For decades, U.S. institutions of higher education have discussed ways to meet the needs of multilingual students; the more recent increases in enrollment by international students have created opportunities for productive change across campuses—particularly ways that units can collaborate to better meet those needs.
The chapters in this volume demonstrate that teaching effective communication skills to all students in ways that recognize the needs of multiple language users requires a shift in perspective that approaches multilingualism as an opportunity that is enhanced by the internationalization of higher education because it makes transparent the problems of current structures and disciplinary approaches in accessing those opportunities. A goal of this collection is to address the economic, structural, disciplinary, and pedagogical challenges of making this type of shift in bold and compassionate ways.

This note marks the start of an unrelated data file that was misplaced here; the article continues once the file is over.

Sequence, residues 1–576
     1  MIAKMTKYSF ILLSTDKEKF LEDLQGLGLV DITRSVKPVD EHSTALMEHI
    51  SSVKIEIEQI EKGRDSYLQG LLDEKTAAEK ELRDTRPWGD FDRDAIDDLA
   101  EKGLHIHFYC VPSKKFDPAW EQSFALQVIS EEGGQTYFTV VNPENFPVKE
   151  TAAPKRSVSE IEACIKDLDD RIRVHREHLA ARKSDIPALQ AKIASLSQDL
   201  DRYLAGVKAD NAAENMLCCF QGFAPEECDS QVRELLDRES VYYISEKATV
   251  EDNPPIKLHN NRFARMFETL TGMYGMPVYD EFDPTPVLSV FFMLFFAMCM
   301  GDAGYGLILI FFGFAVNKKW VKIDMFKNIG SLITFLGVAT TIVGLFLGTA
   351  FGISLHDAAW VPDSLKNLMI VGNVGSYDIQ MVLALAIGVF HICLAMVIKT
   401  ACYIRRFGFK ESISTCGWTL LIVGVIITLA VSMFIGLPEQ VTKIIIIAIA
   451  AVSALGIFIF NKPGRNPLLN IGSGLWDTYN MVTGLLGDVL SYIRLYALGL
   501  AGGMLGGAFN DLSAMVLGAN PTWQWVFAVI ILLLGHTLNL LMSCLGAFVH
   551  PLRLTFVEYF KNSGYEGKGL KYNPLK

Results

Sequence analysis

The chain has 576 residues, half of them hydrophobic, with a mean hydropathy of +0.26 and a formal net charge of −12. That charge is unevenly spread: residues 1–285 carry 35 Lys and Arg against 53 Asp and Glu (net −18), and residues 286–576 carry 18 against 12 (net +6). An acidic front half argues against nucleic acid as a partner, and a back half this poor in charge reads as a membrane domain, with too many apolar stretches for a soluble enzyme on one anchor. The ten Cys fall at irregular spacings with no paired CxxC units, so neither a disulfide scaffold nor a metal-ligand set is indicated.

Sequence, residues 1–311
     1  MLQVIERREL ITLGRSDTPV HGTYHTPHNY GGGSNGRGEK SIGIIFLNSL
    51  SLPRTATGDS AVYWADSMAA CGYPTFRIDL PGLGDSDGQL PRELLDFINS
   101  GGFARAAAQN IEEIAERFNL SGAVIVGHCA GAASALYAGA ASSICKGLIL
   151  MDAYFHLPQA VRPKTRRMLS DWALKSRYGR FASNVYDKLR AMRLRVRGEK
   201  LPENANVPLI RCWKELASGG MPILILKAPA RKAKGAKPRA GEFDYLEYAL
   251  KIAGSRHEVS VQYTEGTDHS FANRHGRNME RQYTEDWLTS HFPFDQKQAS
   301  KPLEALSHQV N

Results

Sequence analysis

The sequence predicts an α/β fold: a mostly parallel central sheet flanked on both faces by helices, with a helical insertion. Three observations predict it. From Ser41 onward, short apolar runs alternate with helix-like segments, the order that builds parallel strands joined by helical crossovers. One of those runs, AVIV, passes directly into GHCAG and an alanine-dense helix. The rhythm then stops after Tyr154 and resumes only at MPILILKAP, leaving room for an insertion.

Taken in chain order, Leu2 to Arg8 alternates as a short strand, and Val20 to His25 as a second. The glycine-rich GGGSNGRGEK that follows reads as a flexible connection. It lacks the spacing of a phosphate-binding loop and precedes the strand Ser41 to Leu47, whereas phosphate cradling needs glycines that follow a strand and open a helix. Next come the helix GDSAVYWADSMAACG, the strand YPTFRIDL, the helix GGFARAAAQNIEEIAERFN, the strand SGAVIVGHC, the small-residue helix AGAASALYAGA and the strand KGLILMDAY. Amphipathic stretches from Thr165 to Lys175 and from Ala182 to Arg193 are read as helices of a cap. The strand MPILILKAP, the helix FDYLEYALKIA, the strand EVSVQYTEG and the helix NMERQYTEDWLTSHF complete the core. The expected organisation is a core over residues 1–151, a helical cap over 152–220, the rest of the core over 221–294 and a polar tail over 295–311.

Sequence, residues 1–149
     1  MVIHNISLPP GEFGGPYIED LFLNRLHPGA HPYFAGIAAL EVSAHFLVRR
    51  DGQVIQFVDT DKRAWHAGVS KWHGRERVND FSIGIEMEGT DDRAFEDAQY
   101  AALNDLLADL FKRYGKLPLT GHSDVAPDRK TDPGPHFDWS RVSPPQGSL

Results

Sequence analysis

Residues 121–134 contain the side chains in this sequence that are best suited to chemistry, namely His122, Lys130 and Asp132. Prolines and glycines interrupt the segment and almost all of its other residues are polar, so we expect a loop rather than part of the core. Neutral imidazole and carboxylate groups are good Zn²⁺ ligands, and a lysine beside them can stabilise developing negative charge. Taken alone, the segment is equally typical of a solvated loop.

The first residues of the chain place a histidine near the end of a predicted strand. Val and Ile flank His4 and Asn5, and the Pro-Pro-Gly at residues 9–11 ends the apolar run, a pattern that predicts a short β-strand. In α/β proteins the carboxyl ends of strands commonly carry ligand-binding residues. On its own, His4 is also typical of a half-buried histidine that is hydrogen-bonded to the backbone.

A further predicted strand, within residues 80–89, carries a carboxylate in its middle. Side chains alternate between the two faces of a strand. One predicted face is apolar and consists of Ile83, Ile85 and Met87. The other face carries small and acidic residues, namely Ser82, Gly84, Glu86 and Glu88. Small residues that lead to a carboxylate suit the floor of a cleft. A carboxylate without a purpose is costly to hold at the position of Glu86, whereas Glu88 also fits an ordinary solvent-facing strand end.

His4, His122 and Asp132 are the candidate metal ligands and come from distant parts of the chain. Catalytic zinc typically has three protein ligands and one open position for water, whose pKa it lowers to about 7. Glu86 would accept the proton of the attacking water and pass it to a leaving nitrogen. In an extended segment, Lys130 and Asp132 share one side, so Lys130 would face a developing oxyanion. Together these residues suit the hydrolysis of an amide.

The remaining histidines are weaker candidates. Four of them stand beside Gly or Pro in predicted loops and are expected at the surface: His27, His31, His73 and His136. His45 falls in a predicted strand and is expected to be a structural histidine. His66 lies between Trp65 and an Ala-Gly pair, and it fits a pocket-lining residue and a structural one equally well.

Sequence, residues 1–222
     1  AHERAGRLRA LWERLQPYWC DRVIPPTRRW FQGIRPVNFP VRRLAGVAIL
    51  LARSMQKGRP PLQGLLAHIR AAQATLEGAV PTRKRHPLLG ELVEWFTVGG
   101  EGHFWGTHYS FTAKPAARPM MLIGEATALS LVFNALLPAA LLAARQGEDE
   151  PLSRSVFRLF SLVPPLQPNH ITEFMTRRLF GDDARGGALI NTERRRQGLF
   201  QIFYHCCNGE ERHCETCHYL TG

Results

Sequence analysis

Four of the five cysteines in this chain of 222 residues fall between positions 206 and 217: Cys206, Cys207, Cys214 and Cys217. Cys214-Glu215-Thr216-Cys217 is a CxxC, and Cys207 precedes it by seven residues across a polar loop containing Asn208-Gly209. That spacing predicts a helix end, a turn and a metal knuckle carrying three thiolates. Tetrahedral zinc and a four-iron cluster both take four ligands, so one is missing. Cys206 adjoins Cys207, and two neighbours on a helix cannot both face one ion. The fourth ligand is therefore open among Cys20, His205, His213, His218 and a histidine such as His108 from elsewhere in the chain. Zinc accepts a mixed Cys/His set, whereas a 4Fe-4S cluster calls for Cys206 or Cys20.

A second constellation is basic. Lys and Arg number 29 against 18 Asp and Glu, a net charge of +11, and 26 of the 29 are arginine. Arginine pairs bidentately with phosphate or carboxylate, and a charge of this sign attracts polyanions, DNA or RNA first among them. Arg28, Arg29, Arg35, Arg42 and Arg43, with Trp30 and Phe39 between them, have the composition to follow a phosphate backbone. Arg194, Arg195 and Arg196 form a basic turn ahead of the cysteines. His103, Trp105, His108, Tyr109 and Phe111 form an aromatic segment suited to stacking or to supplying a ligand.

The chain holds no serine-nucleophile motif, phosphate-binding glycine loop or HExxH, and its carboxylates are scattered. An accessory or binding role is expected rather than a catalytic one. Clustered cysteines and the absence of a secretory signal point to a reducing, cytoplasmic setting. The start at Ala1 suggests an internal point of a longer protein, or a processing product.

Chapters are organized into these four parts--Program-Level Challenges and Opportunities, Opportunities for Enhancing Teacher Training, Multilingualism and the Revision of First-Year Writing, and Integrating Writing Center Insights—and reflect the perspectives of a variety of university language settings. The contributions feature collaborative models and illustrate the need to rethink structures, pedagogies, assessment/evaluation processes, and teacher training for graduate and undergraduate students who will teach writing and other forms of communication.